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This year’s Nobel prize for Economics was awarded to David Card, Joshua Angrist and Guido Imbens for their natural experiments on a range of labour market issues. Card and Krueger’s startling conclusions about the impact of a rise in the minimum wage, comparing fast-food joints in New Jersey, where the state minimum wage was hiked from $4.25 to $5.05 in 1992, with a control group in adjoining Eastern Pennsylvania, where it was not hiked, has received wide attention since then.

Standard free-market economics based on the perfectly competitive firm predicts that employment will fall. In their trail-blazing 1994 paper, Card and his late colleague Krueger claimed to find the opposite: employment actually rose in New Jersey relative to Eastern Pennsylvania. In its award statement, the Nobel Committee discussed this paper at length, and plotted a chart depicting their findings.

Minimum-wage policy is not just nitpicking on some arcane academic matter. The economic impact of raising the minimum wage was a major issue in America’s Trump-Biden-Harris presidential debates. In recent years, urban America, and California in particular, have been ravaged by homelessness, and many working poor are undoubtedly struggling. Strong political and social compulsions have raised the wage floor in California to $14 per hour, as of 2021, with $13 for establishments with 25 or less workers.

The federal minimum wage, the binding floor for all states’ minimum wages in the US, is at present $7.25 per hour. It has not been changed since 2009. As of 2021, the binding minimum wage for 17 states in America is the federal one. Pressures to raise the minimum wage in many states are clearly mounting, although Republican-controlled states where the Federal minimum wage is binding may resist. This year, 21 states raised their minimum wage from the 2020 level to an average of $11.33 per hour.

The granting of a Nobel prize to David Card lends even more intellectual respectability to the widespread $15-an-hour minimum living wage campaign in America now. Former US President Barack Obama had appointed Alan Krueger as a top policy advisor and wanted to raise the federal minimum.

Let us take for granted the Card-Krueger conclusion that minimum wage increases do not reduce employment. However, note that this conclusion is dubious, as a rejoinder by David Neumark and William Wascher to the original Card-Krueger 1994 paper and their critiques of subsequent similar papers have pointed out. The Nobel statement doesn’t mention the Neumark-Wascher critiques. Surprisingly, ditto for the commentary on the award that I have read so far—which is admittedly quite limited.

It is certainly the case that small increases in the minimum wage over time can be absorbed by an economy without adverse effects. This is due to rising productivity, which leads to sustainable higher average real wages. Indeed, minimum-wage hikes can act as a spur to devising labour-saving machinery.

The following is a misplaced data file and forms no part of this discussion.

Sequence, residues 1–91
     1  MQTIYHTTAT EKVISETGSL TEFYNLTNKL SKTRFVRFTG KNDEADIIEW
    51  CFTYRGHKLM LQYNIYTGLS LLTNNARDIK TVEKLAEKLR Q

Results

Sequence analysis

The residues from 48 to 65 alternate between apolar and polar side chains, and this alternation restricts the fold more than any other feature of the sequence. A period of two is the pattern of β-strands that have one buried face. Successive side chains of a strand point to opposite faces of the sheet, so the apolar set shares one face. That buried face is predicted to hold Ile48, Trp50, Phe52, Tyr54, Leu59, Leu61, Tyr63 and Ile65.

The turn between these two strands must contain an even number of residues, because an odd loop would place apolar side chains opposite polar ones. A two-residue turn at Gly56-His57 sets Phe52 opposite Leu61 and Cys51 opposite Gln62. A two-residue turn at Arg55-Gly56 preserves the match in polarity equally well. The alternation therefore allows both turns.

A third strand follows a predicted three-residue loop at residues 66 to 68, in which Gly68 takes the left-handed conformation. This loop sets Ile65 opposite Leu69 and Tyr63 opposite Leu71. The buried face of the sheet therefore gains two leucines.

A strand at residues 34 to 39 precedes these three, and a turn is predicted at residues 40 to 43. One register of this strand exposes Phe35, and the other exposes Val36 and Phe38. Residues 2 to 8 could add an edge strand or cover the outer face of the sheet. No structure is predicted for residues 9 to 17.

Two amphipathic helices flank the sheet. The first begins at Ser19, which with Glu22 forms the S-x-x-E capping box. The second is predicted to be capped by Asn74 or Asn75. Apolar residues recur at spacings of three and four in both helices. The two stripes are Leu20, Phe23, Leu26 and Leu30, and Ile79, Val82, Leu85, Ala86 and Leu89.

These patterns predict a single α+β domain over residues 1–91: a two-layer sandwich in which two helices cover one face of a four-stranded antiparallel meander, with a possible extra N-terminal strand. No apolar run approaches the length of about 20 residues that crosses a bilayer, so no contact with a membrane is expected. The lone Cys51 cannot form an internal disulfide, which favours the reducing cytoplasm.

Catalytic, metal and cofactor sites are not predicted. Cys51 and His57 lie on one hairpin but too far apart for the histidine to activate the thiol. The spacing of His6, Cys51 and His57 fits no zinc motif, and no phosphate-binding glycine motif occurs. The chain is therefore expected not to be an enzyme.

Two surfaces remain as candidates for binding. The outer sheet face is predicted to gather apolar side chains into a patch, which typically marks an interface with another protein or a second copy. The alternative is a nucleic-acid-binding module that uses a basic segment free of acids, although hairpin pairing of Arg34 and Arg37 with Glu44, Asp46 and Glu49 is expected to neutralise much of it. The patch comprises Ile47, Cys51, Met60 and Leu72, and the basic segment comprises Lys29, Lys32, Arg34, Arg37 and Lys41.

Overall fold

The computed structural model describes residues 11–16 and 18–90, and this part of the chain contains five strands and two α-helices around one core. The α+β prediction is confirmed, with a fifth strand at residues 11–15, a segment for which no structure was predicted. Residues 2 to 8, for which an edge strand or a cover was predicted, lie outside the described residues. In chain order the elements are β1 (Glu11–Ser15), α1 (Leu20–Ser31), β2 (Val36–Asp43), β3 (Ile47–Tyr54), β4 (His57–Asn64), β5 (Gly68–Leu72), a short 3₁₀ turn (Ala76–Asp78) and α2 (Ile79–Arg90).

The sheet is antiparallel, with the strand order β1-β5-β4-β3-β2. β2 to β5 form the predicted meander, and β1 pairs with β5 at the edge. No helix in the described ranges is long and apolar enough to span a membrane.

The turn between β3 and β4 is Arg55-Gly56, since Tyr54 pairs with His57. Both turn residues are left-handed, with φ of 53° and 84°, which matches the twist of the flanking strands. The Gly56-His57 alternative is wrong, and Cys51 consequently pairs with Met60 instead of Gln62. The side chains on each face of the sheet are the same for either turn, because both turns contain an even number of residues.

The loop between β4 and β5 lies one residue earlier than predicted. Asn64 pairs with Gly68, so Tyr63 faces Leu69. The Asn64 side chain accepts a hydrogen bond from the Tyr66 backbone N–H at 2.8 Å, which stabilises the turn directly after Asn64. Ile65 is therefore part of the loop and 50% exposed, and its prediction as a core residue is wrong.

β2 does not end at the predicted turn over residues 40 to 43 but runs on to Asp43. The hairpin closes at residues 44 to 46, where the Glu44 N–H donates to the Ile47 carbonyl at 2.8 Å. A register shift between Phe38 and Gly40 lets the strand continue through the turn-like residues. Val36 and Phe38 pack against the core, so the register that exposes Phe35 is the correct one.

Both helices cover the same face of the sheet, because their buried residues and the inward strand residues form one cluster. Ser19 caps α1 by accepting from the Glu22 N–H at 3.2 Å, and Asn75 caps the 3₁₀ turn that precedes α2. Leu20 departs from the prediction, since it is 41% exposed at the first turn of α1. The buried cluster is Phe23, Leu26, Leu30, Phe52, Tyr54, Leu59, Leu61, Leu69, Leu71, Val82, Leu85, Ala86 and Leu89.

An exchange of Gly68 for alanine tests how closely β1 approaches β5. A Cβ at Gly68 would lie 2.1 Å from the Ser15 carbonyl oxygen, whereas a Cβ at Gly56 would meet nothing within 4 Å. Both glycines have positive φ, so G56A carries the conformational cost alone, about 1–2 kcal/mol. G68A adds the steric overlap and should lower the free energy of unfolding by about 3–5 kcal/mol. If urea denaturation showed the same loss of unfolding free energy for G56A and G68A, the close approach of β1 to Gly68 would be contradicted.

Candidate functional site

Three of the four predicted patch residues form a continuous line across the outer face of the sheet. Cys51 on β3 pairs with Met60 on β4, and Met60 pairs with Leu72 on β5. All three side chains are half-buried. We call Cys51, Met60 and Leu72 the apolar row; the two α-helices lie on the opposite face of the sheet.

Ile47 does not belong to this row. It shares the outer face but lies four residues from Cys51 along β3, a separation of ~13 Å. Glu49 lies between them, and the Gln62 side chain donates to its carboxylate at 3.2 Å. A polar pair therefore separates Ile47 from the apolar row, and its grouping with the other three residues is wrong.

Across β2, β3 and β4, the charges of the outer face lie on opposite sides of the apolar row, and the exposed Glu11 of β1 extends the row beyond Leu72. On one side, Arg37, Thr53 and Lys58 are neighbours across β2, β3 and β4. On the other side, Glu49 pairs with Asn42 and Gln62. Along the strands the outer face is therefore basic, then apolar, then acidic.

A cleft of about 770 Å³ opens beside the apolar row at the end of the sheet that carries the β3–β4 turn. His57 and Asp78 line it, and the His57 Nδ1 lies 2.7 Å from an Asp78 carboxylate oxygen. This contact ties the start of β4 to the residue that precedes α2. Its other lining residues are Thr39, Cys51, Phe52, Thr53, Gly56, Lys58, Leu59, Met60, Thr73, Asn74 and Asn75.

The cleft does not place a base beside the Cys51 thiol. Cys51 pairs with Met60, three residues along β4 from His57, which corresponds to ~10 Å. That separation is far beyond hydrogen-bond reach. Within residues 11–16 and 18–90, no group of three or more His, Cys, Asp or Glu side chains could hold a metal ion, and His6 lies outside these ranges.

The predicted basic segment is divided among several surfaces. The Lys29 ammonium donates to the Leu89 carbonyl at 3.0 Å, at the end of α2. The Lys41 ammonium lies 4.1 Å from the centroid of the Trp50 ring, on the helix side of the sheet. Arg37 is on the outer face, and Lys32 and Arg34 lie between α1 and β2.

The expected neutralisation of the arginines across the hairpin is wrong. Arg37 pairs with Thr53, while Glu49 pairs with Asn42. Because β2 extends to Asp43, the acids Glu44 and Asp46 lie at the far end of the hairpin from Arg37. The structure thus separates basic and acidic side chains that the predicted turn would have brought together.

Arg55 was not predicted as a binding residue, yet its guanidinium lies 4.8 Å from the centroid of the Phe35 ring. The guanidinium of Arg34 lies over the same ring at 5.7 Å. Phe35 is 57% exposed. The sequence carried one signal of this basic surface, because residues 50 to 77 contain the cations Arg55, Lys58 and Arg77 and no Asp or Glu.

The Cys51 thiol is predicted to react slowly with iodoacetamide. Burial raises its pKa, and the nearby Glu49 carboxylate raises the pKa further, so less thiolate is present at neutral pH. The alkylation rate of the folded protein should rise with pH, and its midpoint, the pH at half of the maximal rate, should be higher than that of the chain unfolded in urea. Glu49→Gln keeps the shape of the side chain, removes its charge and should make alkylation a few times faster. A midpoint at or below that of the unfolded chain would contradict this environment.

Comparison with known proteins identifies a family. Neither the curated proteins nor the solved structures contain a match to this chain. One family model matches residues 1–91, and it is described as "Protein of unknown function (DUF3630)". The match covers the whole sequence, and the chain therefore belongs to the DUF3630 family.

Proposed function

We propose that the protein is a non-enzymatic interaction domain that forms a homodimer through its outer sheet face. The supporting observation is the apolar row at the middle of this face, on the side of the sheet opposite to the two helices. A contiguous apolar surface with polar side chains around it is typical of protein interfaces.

Nevertheless, it does not follow that minimum wages should be the main thrust of policy to help America’s working poor. A wage of $ 14 per hour at the market exchange rate is a princely amount in most parts of the world. If people are struggling to make ends meet at that wage in San Francisco and Los Angeles, going by the staggering rise in the number of homeless there, one must first ask why the cost of living, and of housing in particular, is so high in America. As per recent data, the average monthly rental for an apartment in California was $1,731 (Statista.com). Let us take $1,600 as the rental for a very low-end flat in very expensive San Francisco. At close to the minimum wage of $14 for a 40-hour week (which all workers wanting to work 40 hours a week may not get), a full-time worker staying alone earns, say, $2,200. Rent is then over 70% of monthly income. It is hard to manage on that, and impossible to do so unless the worker gets to work 40 hours a week.

There are many reasons in general for the high cost of living in America, ranging from exorbitant medical expenses to its excessive litigation, especially over medical malpractice, and others. However, the main reason, in my opinion, is the strict zoning laws of America that prevent the setting up of commercial dormitories catering to the poor, students, single individuals and many others in similar categories.

Allowing ‘granny apartment’ annexes on the same plot, flexible sub-leasing arrangements, short term rentals, quicker evictions for defaulting on rent and the conversion of unused garages into rented rooms will all increase the rental supply and bring down rents. Airbnb by itself cannot do the job. The number of persons per dwelling unit in the US has been falling from the 1950s onwards, when the norm was a male bread-earner as tenant with dependent wife and kids. The US zoning laws are suited for its suburbia.

In short, current proposals to hike the minimum wage in America are misguided because these hikes will barely help meet housing rental costs. The perennial debates on the country’s minimum wage detract attention from far more crucial policies needed to reduce the cost of renting homes for the working poor.

As for the limitations of natural experiments and randomized controlled trials, and the drawbacks of basing social and economic policy upon them, I shall discuss them in a follow-up article.

Vivek Moorthy is professor, Indian Institute of Management Bangalore

 

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